A ‘pretty smart tactic’ by GOP puts Wolf in tough position for General Assistance fight


Gov. Tom Wolf speaks during an statewide radio show at the WITF Public Media Center on June 20, 2019. (Joanne Cassaro/WITF)

Pennsylvania Republicans are trying to get rid of a program that offers small amounts of cash to certain poor people.

Democratic Governor Tom Wolf wants to keep the program, known as General Assistance, but he says the latest move by Republicans puts him in a tough position.

In a nearly-party line vote Wednesday, the GOP-controlled House passed a bill that would eliminate the program.

But the same bill includes something Wolf wants: Money for Philadelphia hospitals, among other things.

Republicans believe Wolf will either sign the bill, or let it become law, because he won’t want to kill the medical money.

“They are pursuing a pretty smart tactic,” Wolf said during a statewide radio show hosted by Keystone Crossroads. “…It’s a Hobson’s choice.”

Wolf says people who benefit from cash assistance also benefit from the tens of millions of dollars that would go to hospitals. He says he’s not sure how he’ll respond.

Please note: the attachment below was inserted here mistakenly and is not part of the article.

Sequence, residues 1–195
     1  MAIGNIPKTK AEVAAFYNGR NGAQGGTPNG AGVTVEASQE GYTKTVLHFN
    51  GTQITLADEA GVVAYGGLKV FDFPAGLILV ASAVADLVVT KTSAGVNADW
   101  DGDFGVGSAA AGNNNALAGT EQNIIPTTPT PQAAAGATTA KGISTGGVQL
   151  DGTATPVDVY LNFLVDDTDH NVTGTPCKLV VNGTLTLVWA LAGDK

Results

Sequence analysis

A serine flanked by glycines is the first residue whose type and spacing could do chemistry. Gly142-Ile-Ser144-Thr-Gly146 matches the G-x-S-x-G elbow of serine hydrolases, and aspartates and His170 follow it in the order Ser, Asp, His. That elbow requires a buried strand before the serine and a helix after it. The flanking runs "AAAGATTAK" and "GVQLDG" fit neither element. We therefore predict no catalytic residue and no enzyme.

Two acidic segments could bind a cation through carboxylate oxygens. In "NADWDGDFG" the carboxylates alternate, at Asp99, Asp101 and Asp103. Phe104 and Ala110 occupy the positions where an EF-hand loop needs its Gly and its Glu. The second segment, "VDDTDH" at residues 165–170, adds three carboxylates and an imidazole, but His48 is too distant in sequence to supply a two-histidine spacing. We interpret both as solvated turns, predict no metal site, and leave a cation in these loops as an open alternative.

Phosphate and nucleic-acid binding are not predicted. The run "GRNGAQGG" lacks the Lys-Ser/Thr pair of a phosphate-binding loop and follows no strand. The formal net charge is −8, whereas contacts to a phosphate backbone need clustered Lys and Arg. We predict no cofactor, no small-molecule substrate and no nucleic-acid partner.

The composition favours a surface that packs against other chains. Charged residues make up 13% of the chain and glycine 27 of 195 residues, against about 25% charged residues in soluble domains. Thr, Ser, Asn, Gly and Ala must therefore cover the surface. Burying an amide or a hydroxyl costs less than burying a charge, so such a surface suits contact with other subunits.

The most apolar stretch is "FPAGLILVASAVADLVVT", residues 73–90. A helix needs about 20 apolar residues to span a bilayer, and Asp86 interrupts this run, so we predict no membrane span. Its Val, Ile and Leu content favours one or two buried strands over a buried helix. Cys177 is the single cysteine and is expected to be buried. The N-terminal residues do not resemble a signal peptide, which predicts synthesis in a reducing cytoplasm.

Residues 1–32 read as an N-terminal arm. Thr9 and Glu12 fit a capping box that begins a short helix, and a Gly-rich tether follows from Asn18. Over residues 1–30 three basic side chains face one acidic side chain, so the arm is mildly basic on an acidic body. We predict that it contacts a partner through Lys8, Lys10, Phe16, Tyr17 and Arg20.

“I’m not just saying this to put you off. We’re literally still talking about what our options are, because … we are between a rock and a hard place here,” Wolf said.

A fiscal note attached to the bill estimated that eliminating the program will save $53.5 million next fiscal year. But the Wolf administration had a lower estimate for what it costs to maintain the program next year: $24.5 million.

The cash assistance program was eliminated in 2012, but restored in 2018 after a Supreme Court decision. That decision was based on procedural problems with how the legislation passed.

Under the program, eligible people in most counties can receive up to $205 a month, according to the Pennsylvania Department of Human Services.

A spokesman for the House GOP Caucus, Mike Straub, said eliminating General Assistance will allow lawmakers to “put more money into programs that are proven to help people in need,” WITF Capitol Bureau Chief Katie Meyer reported earlier this week.

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